Mortimer v. Bristol (190 A.D. 452) comes nearer than any other case that has been cited justifying an affirmance of the judgment herein, but there it was emphasized that all available evidence was produced on which to base a business forecast for the period involved. Damages were allowed for the prospective loss of commissions by reason of the breach of a ten-year general agency contract for the sale of life insurance. The measure of plaintiff's ability to sell defendant's insurance was indicated by the results of his former employment as a subagent for the same company. This court said (p. 462): 'The jury allowed him at the rate of $850 a year for the ten years of his contract. It is evident that the plaintiff presented to the jury the very best evidence obtainable showing the amount of damages which he had sustained, and he should not be deprived of all damages under the authorities before mentioned because of his inability to establish by evidence some particular amount as the damages which he had suffered.'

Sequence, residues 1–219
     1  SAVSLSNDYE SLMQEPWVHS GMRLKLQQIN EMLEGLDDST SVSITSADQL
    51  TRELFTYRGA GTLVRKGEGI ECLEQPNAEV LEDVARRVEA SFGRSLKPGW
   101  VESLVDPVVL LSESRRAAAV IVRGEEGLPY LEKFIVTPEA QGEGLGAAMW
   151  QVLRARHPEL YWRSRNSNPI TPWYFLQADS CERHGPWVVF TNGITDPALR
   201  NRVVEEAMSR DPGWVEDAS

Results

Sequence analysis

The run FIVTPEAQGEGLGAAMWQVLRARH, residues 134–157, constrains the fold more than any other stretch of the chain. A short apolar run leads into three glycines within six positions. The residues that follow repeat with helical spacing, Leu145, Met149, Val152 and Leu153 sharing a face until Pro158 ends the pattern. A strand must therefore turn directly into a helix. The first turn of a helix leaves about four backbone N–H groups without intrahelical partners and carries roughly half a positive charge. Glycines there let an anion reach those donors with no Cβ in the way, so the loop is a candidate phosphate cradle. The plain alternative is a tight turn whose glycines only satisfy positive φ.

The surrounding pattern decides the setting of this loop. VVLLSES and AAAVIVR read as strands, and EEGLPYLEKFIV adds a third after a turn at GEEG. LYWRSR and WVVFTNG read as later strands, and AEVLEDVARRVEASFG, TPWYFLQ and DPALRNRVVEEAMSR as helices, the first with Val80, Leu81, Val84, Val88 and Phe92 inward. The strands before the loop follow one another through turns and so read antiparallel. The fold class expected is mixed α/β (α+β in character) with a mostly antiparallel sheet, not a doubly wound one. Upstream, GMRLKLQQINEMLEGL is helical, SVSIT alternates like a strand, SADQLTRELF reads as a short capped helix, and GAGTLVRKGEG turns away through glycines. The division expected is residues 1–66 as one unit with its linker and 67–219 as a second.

Although the latter principle has been pronounced repeatedly, the application of this rule is subject to the qualification that the damages shall be ascertained by the 'best evidence obtainable' (Mortimer v. Bristol, supra, p. 462), by 'probable estimates' (Wakeman v. Wheelers&sWilson Mfg. Co., supra, p. 209) and upon 'the relevant facts antecedent and subsequent to the breach' on 'such reasonable certainty as serves as a basis for the ordinary conduct of human affairs' (Stevens v. Amsinck, 149 A.D. 220, 229, 230). In other words, such evidence is required as would enable a businessman to make a prediction with reasonable accuracy. Thus, in Cramer v. Grand Rapids Show Case Co. (223 N.Y. 63) it was held that damages were too speculative to be recovered for profits lost in consequence of defendant's breach of contract, in failing to deliver furniture and fixtures in order that plaintiffs might open a new store in proper season to sell for the fall and winter trade. 'While evidence of such facts may be admissible they must not be uncertain or problematical. (Dickinson v. Hart, 142 N.Y. 183.)' (P. 68.)